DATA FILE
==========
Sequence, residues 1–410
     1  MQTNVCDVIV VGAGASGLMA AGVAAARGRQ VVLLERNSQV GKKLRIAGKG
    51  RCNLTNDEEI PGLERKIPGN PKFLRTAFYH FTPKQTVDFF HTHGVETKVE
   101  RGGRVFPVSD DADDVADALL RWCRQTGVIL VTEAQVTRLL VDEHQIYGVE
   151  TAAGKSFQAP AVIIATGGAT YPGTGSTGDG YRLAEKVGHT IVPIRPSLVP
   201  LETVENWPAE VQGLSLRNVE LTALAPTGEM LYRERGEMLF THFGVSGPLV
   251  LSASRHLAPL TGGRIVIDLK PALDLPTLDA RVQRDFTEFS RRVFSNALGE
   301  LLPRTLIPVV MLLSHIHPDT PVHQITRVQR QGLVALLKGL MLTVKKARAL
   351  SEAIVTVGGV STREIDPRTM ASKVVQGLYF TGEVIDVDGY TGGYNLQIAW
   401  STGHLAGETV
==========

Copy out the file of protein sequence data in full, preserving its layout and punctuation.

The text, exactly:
Sequence, residues 1–410
     1  MQTNVCDVIV VGAGASGLMA AGVAAARGRQ VVLLERNSQV GKKLRIAGKG
    51  RCNLTNDEEI PGLERKIPGN PKFLRTAFYH FTPKQTVDFF HTHGVETKVE
   101  RGGRVFPVSD DADDVADALL RWCRQTGVIL VTEAQVTRLL VDEHQIYGVE
   151  TAAGKSFQAP AVIIATGGAT YPGTGSTGDG YRLAEKVGHT IVPIRPSLVP
   201  LETVENWPAE VQGLSLRNVE LTALAPTGEM LYRERGEMLF THFGVSGPLV
   251  LSASRHLAPL TGGRIVIDLK PALDLPTLDA RVQRDFTEFS RRVFSNALGE
   301  LLPRTLIPVV MLLSHIHPDT PVHQITRVQR QGLVALLKGL MLTVKKARAL
   351  SEAIVTVGGV STREIDPRTM ASKVVQGLYF TGEVIDVDGY TGGYNLQIAW
   401  STGHLAGETV